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Arthur Stone Arts & Crafts Sterling Commodore's Cup Yachting Trophy, Gardner, MA, 1915

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This large and impressive punch bowl is hand-raised and has an applied lip to decorate and strengthen its top rim, which splays outwards. The hammered surface, for which items from Arthur Stone's shop are famous, displays a lovely shimmer. The stepped base is also hand-raised and applied.

Engraved on the bowl is a wonderful presentation from the famous yacht club in Marblehead, Massachusetts:


The Commodore's Cup for schooners in 1915 was won by the Irolita, owned by Edward W. Clark, (1) the Philadelphia Banker. He and his wife gave these Arthur Stone vases to the Pomfret School in memory of their son George N. Clark.

Arthur J. Stone ran the preeminent arts & crafts silver shop in New England, possibly the country. Items were hand-made using traditional silversmithing techniques. An innovator, Stone let the other masters who worked for him sign the items they made. This trophy was raised by Herbert Taylor, Stone's 'right-hand man' and possibly the most accomplished silversmith who worked for Stone. Taylor was one of only eight silversmiths to win the award of 'Medalist,' the highest honor for craft bestowed by the Society of Arts & Crafts, Boston. (Stone was the first silversmith to win the award.)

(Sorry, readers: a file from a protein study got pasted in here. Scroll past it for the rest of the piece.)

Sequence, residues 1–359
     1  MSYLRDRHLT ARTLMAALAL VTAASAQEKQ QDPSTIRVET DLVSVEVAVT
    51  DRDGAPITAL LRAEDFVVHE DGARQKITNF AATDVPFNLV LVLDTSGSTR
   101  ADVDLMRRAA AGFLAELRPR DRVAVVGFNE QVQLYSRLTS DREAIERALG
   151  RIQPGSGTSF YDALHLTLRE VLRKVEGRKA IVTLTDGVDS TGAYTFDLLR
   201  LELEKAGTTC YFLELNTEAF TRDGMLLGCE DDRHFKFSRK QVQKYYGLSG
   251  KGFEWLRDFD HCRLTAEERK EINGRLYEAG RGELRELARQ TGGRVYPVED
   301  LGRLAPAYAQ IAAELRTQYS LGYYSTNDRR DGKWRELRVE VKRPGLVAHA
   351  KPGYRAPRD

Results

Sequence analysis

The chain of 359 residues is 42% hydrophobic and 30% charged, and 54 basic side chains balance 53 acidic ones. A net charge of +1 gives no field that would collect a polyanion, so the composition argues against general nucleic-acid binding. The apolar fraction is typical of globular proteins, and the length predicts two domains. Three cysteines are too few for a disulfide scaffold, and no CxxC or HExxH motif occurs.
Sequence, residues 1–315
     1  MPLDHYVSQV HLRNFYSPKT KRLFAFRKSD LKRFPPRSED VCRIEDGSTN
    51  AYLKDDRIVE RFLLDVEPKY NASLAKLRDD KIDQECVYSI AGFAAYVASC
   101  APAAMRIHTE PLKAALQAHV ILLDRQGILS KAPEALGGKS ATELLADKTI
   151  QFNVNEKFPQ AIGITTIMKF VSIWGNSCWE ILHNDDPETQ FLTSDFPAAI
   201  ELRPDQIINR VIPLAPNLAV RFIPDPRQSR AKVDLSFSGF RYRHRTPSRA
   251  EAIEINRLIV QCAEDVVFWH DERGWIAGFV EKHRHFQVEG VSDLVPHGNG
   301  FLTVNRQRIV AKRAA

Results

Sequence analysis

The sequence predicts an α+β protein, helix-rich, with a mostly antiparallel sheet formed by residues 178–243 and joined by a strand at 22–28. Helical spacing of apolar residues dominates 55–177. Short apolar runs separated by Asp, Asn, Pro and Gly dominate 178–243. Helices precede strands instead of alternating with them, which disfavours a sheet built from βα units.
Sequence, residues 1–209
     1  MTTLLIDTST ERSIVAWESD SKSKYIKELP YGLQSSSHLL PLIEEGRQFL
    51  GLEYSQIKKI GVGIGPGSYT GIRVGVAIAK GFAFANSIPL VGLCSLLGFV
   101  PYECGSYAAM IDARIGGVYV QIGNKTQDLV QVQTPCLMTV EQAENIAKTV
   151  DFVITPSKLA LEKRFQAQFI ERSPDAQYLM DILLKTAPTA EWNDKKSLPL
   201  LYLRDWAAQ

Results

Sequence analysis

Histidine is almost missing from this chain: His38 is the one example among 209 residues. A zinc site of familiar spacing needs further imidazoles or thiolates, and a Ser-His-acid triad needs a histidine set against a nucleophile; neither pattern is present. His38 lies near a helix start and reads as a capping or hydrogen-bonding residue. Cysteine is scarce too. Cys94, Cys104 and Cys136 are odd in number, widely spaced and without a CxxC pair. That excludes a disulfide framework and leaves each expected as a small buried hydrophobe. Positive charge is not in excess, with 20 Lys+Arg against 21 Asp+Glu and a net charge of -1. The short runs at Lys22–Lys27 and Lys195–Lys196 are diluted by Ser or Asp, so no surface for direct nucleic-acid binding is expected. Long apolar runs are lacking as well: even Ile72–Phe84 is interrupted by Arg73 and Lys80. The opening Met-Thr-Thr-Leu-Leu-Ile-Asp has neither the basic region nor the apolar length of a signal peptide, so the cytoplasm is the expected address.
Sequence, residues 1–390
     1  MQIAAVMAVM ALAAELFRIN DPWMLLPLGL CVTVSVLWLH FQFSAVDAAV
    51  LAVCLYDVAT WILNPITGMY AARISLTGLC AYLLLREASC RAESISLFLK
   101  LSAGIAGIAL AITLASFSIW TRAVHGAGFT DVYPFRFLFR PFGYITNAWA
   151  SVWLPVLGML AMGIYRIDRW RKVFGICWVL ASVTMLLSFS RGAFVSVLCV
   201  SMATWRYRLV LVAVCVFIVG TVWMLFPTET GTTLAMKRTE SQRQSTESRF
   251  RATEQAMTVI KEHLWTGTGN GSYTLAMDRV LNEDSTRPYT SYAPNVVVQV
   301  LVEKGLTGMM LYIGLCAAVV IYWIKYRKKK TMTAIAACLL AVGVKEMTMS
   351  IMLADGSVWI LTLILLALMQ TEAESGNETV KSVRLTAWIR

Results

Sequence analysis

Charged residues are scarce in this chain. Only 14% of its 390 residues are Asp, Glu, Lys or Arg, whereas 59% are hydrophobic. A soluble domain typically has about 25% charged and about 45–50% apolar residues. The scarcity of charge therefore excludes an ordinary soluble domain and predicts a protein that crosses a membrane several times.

This magnificent trophy is marked underneath with Stone's trademark and STERLING/ 'T' (for Taylor). It measures 12 inches in diameter by just under 6.5 inches high, weighs an impressive 51.10 troy ounces, and is in excellent antique condition.


  1. "For Commodore's Cups" in The Boston Sunday Globe, August 8, 1915, p. 14.